Emmeline Truelove is in the unusual position, for an Edwardian woman, of being the Duke of Olympia's personal secretary. She's held the post for six years, since the death of her father, who previously held it. The Duke of Olympia is newly dead, his heir is somewhere in the Mediterranean, and the alternative to great-nephew Maximilian Haywood is his younger brother, a dissolute spendthrift.
Haywood has to be found.
The Dowager Duchess asks Miss Truelove to make a trip to Greece to find the heir. She's sending the Marquess of Silverton with her, on the grounds that this seemingly frivolous young man has skills she'll need.
Reluctantly, and over the objections of what seems to be Queen Victoria's ghost, she agrees.
Despite the sometimes steampunk feel of the story, they travel in the Duke's steamship, Isolde, not an airship. Airships are blessedly absent in this story. Over the course of the trip we learn that Truelove thinks of herself as a very conventional, respectable young woman, and also that Silverton is perhaps not wrong in suspecting that there's something more to her than that. We also learn that her own family history has some oddness about it. But that's nothing compared to what she and Silverton find when they start digging into the apparent disappearance of Mr. Haywood, the new Duke of Olympia. The packet the duchess gave her includes pictures of a fresco in which one of the figures appears to be hold a Brownie camera--completely impossible, of course, in a fresco three thousand years old.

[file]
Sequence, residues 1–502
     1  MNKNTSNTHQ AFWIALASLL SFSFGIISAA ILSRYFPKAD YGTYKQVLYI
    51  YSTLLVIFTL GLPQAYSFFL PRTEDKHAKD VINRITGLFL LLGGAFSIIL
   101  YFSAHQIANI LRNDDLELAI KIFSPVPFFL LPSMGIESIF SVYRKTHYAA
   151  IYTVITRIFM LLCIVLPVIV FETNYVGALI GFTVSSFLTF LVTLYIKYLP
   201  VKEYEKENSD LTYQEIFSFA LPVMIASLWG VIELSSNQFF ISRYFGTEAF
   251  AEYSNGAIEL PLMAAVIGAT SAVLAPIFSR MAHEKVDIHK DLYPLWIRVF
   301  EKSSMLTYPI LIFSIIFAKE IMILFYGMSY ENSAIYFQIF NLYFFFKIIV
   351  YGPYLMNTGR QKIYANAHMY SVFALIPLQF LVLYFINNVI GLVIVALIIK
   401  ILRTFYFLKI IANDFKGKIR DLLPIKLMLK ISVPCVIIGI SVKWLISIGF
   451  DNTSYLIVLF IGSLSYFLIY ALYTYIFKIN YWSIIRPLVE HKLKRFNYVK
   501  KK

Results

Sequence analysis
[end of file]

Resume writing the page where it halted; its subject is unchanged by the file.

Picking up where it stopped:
Things get stranger and stranger as they arrive at the last site that Haywood worked, meet some of the people that had been around him, and start to follow in his tracks.
And who the heck is Desma, and why does she speak such an odd, unfamiliar Greek dialect?
What the heck is going on here?
After a brief bump at the beginning, which nevertheless proved to be relevant later, I just couldn't stop reading this. Recommended.
I received a free electronic galley of this book from the publisher via NetGalley.